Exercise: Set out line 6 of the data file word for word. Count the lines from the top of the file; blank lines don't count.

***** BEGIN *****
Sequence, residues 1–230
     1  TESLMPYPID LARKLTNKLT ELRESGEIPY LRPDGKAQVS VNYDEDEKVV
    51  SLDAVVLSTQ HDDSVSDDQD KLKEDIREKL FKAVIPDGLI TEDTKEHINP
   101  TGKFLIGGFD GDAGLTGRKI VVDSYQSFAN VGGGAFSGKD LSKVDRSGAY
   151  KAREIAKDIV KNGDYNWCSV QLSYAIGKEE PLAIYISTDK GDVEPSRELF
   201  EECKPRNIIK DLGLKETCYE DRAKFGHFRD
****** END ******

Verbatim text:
   201  EECKPRNIIK DLGLKETCYE DRAKFGHFRD